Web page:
The video-game industry has always been on the bleeding edge, but blockchain gaming is still widely viewed as emerging technology.
In October 2021, Valve banned all blockchain-related games from its Steam platform. Meanwhile, within Axie Infinity, an NFT-based online game, new players are paying hundreds of dollars to acquire mythical pets and love potions.
There’s still a haze of uncertainty surrounding blockchain games, so we reached out to several active investors in the space to get a clearer picture of where opportunities exist today and what they see on the horizon. We asked them to share the advice they’re giving their portfolio companies, along with their thoughts on how future regulation might impact the industry.
Interestingly, at least one investor noted that growth wasn’t a key consideration: “We tell our companies to really think about the missing pieces, particularly in gaming infrastructure,” said Banafsheh Fathieh, head of investments, Americas at Prosus Ventures. “What are the pain points we can alleviate for users and builders? Growth is less of a focus now, utility is incredibly important at this stage.”
- Anton Backman, principal, and Kenrick Drijkoningen, general partner, Play Ventures
- Banafsheh Fathieh, head of investments, Americas, Prosus Ventures
- Josh Chapman, managing partner, Konvoy Ventures
- Eddie Thai, general partner, 500 Startups and general partner, Ascend Vietnam Ventures
- Beryl Li, co-founder, Yield Guild Games
- Rajul Garg, founder and managing partner, Leo Capital
Anton Backman, principal, and Kenrick Drijkoningen, general partner, Play Ventures
What was your initial reaction on hearing about Steam’s ban on blockchain games?
It was not an entirely unexpected move from Steam. Incumbents tend to be more wary of adapting new business models and gaming is no different. As a fledgling space, NFTs are beridden with projects of varying quality and we believe Steam wants to do some quality assurance and wait until the situation stabilizes before allowing blockchain games en masse. Interestingly enough, at the time of writing (Nov 14) MIR4, a crypto-enabled MMORPG on Steam, is running at 88,000 concurrent users. Seems that there’s still a gray area in terms of how these games are classified.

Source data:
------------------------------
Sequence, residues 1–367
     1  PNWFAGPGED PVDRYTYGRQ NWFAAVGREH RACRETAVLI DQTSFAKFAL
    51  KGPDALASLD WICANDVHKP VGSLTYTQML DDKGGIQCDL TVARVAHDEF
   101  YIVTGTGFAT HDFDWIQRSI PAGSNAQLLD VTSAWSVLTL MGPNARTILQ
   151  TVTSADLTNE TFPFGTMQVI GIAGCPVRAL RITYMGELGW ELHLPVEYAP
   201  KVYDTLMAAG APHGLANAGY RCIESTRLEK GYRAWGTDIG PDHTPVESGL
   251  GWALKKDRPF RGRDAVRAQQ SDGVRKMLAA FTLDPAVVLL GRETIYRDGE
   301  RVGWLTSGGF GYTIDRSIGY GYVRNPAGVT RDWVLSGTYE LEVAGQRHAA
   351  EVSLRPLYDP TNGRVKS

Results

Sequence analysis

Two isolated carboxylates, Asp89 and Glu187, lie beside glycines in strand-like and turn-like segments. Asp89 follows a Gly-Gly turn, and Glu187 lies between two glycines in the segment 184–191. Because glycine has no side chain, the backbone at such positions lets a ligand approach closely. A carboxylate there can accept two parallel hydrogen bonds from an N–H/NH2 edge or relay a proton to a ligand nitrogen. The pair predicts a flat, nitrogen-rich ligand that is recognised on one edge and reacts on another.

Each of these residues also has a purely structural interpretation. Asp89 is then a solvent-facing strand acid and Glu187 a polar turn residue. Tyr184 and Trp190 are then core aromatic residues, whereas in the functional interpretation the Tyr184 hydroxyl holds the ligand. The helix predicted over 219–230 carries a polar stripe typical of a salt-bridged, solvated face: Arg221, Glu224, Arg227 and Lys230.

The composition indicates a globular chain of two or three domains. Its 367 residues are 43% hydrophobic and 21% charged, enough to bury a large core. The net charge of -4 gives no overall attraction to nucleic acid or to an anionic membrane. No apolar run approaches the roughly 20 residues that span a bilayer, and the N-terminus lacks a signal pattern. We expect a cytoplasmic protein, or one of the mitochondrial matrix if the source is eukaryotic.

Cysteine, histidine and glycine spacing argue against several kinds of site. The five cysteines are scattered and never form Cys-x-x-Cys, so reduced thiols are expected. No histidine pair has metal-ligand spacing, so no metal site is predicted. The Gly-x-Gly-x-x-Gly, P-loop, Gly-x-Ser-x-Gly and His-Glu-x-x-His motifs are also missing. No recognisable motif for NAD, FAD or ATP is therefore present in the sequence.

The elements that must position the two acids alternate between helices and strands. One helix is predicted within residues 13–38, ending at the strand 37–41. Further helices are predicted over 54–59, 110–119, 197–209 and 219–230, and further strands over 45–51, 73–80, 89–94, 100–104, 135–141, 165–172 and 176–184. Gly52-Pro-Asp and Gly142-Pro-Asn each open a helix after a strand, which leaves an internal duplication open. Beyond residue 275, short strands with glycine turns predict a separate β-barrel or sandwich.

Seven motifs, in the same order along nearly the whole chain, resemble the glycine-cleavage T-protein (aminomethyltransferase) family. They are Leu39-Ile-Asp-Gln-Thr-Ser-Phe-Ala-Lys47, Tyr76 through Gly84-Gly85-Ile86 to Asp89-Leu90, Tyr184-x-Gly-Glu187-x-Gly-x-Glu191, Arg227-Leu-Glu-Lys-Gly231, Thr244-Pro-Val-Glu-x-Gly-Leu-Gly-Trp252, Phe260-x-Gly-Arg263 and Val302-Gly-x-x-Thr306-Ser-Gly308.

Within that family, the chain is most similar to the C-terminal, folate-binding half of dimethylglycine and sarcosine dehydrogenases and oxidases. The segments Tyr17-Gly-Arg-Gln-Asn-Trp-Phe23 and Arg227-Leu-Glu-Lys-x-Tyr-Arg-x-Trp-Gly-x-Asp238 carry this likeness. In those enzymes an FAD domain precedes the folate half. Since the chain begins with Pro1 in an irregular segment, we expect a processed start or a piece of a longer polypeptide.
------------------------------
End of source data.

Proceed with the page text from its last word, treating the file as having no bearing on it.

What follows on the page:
What advice have you been giving your portfolio companies to grow? What sort of guidance and assistance do blockchain gaming companies seek from you?
We typically act as a sparring partner for founders in strategy-related matters. With blockchain gaming companies we have mostly assisted the teams in navigating the technology stack, i.e., what blockchains and/or scaling solutions to consider, as well as token economic design. In our view it’s key to embrace a crypto native approach of building and experimenting with the product while also involving your community in the process.
How do you view the regulatory environment for blockchain gaming? Is the uncertainty making you reconsider your strategy?
No. It’s not the first time innovation has outpaced regulation and we see it as a natural reaction to new consumer behavior and ways of building companies. Similarly, Uber fought an uphill battle with regulators before eventually democratizing the taxi medallion system and providing an outsized improvement for end users of taxi services. This doesn’t mean that companies and projects should build products that are against the law but rather engage in healthy discussion with regulators as the adoption of their products increases.